The Blue Jeans Blues
Kristin O'Malley, President and CEO
I have a serious love/hate relationship with blue jeans. LOVE wearing them. HATE shopping for them. But, when I had worn my Lucky Brand dark-washed, gently-whiskered, 5-pocket, zipper-fly, boot-cut besties way beyond respectability, I had no choice but to hit the mall. No biggie. Dash in. Dash out. A new pair of these made-for-me blues was a quick credit-card swipe away. Right? Wrong.
Lucky Brand had changed my go-to style, and I was in full meltdown over the inevitable denim break-up. I thought I'd never find my perfect fit again, but, to my surprise, I soon left with a new boyfriend--boyfriend jean, that is. The world was right again.
And then, something amazing happened. I started venturing out of my comfort zone, trying new styles and different brands that added depth to my wardrobe. I wasn't a one-fit-wonder anymore.
now that I've risked
sounding totally superficial, this really does have to do with nonprofit work.
Research consistently shows that structuring teams with people who are different propels innovation. Not angst. Not chaos. Not stagnation. Innovation! Too often we (consciously and unconsciously) assemble homogenous teams. We try to make sure everyone on our staff, board of directors, committees and volunteer groups is a good "fit" for the team, as comfortable and familiar as my favorite Lucky Brand jeans. For some reason, we think that we will work more constructively and harmoniously with people who think, reason and act like we do when, actually, the reverse is true. Homogeneous teams tend to keep the status quo, take fewer calculated risks and effect change more slowly.
Some of our local nonprofits have bravely looked beyond the "usual suspects" when partnering to problem-solve. Cape Cod Commercial Fishermen's Alliance supplies fresh, local fish to The Family Pantry of Cape Cod, assuring a reliable income to one, nutritious meals to another. Cape Abilities runs a farm which produces food for the community, creates skill training opportunities and jobs for its clients with disabilities, and generates revenue for its programs.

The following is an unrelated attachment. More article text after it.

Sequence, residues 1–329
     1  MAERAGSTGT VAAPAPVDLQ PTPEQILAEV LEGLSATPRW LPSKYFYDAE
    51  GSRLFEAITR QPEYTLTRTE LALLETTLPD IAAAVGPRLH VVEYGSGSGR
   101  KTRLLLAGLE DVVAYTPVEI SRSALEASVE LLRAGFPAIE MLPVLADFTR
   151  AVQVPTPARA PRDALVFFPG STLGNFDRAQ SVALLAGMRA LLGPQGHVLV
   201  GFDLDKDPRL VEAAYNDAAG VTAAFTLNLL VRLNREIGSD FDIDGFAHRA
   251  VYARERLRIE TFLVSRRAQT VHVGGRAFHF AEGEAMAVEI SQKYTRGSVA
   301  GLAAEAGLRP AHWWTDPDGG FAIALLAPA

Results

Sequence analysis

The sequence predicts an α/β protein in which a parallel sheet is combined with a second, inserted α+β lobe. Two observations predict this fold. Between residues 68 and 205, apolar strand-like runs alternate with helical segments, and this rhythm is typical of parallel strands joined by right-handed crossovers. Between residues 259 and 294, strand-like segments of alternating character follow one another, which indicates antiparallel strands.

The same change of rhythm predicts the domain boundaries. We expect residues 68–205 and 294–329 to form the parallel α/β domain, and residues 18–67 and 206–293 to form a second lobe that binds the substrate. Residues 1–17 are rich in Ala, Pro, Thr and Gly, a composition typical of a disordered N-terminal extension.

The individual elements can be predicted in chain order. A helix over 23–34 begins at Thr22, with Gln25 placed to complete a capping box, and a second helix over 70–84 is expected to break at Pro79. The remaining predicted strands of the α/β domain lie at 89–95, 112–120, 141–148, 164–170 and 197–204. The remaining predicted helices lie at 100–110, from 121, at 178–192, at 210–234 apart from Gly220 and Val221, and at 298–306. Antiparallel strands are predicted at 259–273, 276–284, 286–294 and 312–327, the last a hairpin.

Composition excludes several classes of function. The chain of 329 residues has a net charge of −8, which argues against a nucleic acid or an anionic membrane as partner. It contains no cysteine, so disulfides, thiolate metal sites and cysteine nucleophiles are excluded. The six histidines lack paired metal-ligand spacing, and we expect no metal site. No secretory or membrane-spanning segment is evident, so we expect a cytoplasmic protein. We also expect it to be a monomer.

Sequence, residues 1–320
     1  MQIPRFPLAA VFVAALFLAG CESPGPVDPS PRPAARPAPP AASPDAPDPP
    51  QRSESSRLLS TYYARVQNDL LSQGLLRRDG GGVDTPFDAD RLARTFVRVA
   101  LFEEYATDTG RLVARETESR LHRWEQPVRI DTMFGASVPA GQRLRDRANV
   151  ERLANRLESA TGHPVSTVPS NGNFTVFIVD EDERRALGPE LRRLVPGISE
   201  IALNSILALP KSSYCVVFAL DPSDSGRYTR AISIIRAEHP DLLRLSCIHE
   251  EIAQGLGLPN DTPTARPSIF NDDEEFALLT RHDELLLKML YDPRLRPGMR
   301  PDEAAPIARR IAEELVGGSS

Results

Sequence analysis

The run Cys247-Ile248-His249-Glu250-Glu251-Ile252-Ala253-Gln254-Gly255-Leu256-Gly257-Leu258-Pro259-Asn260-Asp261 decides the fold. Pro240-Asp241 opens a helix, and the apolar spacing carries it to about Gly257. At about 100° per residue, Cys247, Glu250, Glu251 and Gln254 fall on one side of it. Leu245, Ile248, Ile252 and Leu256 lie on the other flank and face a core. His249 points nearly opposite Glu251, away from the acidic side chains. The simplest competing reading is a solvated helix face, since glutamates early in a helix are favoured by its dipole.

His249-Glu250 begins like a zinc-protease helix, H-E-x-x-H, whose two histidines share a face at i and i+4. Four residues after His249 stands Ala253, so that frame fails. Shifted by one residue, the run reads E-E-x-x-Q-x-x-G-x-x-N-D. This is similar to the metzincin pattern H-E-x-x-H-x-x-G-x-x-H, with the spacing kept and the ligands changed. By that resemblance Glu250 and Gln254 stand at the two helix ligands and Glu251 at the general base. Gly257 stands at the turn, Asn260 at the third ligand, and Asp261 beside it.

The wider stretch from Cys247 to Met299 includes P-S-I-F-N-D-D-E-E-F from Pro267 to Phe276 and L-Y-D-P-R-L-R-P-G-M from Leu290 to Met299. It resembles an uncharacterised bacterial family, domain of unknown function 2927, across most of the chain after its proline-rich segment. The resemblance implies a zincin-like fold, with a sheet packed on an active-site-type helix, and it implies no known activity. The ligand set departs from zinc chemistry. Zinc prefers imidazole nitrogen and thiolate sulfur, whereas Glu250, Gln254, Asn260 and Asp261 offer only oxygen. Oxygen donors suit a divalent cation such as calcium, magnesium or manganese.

And, through its Art and Alzheimer's Program, the Cape Cod Museum of Art helps patients with memory loss engage in the arts and discover gateways to past stories and memories. This month, we've been checking in with the recipients of our 2016 Strategic Focus Grants and will be reporting on their community impact in upcoming issues of the The Hub.
These organizations--and many others--are proving that there are new ways to combat age-old problems and drive social change in our community by thinking outside of the box.
That's what our Strategic Leadership Platform is all about. I've talked about how the Foundation invests in "human capital" through nonprofit leadership development, education and training in earlier columns. In fact, this year's Non-Event directly supports the Institute for Nonprofit Practice's Core Certificate Program, now entering its second year on Cape Cod.
within organizations, the nonprofit sector and the community is also an important part of our leadership strategy. People on heterogeneous teams become super-thinkers and more passionate doers. They form more strategic partnerships and create projects and programs that solve problems in new ways. Better ways. And these are the initiatives we are powering up together. These are the initiatives, funded through your generous donations and the discretionary income from our endowment fund, that are experiencing an extended impact in the community. Today and for the future.